Addressing Emotions with Mental Illness
Updated: Feb 18, 2021
People who are suffering from mental ailments can encounter many types of emotions. Nobody is ever prepared for such unwanted emotional onset. The most prominent emotions include lack of hope, the inadequacy of self-worth, and anger. These emotions can rise when hormonal imbalance happens. For this reason, specialists recommend hormone therapy for mental health.
Some excessively emotional or moody people with mental ailments cannot control their emotions. They also cannot accept and discuss their mental illness. Peer support is something that helps them take the initial step.
Everyone encounters emotions differently for several causes. Hopefully, this post can help people living with mental ailments and their loved ones understand and recognize their emotions better.
Experience with Inadequacy of Self-Worth
Some people living with mental illness lose all self-worth. They feel like a failure and loser. These hypersensitive persons feel that mental illness has taken away their intelligence. They grieve their former self and think that they cannot return to that. Moreover, they feel like a burden to their family and friends and feel unlovable, unloved, and more.
Suffering from self-stigma can cause suicidal thoughts and a prolonged period of intense depression. Mental illness can make you feel deeply changed and caregivers should be aware of it. The stigma they feel is sometimes associated with how they think they make their loved ones feel. Loved ones should care more as people with mental illness want their families desperately beside them. They should remind them of the challenges they have overcome.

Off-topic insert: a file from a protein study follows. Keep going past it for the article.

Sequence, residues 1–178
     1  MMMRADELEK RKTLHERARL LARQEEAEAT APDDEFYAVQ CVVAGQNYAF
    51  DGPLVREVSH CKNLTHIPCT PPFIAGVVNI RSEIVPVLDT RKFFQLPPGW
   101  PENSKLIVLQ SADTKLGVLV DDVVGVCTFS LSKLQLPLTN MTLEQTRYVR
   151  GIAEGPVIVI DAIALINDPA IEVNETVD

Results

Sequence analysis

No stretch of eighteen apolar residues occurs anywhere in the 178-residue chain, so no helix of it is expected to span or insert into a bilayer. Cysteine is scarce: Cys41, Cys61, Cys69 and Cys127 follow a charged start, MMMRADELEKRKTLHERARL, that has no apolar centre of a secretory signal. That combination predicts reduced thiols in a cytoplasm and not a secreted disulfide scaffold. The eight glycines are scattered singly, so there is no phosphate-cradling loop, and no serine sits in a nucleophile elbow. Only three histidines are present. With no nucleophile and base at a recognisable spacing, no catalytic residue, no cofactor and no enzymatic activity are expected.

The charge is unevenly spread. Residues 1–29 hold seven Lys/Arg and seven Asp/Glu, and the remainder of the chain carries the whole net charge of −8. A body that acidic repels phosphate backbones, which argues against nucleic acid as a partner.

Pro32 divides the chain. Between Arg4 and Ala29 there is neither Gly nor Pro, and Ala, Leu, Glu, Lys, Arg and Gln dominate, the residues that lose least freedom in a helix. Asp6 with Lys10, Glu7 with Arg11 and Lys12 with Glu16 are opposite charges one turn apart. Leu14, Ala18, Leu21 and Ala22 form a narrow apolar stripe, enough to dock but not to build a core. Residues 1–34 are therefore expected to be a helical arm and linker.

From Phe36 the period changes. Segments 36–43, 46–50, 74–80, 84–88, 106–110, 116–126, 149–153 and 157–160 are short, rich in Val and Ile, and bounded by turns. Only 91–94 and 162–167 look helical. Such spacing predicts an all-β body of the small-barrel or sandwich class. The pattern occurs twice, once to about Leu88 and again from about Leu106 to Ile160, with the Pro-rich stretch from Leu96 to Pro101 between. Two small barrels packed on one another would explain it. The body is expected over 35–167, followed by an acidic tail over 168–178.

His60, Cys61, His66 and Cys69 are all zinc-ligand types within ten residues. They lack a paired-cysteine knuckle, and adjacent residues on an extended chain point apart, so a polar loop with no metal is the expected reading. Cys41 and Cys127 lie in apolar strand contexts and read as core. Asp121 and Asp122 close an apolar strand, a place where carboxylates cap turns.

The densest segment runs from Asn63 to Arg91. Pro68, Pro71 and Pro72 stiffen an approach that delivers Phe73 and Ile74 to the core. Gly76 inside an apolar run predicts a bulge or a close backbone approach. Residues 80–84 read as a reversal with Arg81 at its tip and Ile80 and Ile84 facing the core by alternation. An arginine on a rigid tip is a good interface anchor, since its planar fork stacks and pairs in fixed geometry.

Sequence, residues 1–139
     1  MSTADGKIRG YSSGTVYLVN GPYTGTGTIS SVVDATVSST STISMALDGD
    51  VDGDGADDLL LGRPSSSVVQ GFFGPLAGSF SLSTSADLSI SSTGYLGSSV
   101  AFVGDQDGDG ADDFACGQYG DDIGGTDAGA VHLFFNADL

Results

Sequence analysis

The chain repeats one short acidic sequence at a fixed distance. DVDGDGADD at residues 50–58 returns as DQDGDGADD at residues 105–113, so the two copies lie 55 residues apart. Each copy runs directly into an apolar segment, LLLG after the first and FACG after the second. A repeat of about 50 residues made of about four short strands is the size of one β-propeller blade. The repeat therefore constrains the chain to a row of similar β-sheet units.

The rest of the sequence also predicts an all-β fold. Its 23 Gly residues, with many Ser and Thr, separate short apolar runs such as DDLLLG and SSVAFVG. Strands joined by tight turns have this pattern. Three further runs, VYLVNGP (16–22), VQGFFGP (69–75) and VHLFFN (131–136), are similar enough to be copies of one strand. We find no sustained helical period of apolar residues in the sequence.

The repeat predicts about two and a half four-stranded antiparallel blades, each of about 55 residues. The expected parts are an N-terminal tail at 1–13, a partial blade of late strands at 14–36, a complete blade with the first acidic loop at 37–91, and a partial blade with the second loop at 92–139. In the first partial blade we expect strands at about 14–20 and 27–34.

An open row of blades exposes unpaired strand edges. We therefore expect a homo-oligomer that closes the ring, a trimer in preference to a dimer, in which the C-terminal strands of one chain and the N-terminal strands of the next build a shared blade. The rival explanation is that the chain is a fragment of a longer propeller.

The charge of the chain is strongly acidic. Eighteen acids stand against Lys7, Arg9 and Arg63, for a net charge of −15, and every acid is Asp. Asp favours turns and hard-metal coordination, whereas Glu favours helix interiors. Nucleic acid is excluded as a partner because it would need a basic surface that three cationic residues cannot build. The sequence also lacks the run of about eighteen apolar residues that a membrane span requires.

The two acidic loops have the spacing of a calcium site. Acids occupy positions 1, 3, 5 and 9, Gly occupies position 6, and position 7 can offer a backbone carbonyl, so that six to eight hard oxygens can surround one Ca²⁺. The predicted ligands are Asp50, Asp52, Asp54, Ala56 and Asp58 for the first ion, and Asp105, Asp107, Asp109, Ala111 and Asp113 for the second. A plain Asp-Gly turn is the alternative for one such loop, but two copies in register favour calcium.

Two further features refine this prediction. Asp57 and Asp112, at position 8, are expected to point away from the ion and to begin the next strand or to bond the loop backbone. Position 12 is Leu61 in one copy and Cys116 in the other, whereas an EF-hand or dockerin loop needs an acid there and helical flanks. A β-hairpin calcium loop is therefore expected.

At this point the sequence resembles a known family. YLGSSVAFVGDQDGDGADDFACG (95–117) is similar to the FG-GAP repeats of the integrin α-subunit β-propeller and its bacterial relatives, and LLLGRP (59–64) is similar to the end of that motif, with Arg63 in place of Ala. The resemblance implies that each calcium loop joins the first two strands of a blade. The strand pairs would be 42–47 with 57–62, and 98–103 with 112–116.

Experience with Anger
Anger, resentment, or rage can be the toughest emotion to deal with. People who experience anger sometimes fear that they will lose the life they had. They feel fear of disaffection by family and friends. They often take out their anger unreasonably on their loved ones and blame them for their ailments. They say hurtful things but know that they are not angry at the person; they are angry at their illness.
Such conditions can make you feel the need for treatment. Caregivers should deal with and nurture the relationship actively and seek counseling during the struggle period. This can impact treatment results positively. Concentrating on recovery as the main target can bring a family managing mental ailment closer together. A sense of belonging and stability can be vital to good mental health.
Experience with Hope
Hope is a complex emotion. People yearn for it but they fear the grief of disappointment. A bearing sense of hope is the strongest emotion of all. It can be the basics of recovery. How people encounter hope may vary.
It can come in several forms: pride, energy, aspiration, self-determination, optimism, self-worth, commitment, rebirth, responsibility, discipline, trust, excitement, ownership, or confidence. Any of these emotions can cause recovery. Finding the spark is the biggest challenge, which may need creative and repeated attempts.
Once you have rediscovered the way of dealing with hope, anger, and self-worth, it can be overwhelming. Cautious goal-setting and hormone therapy for mental health are essential to create progress and reduce setbacks.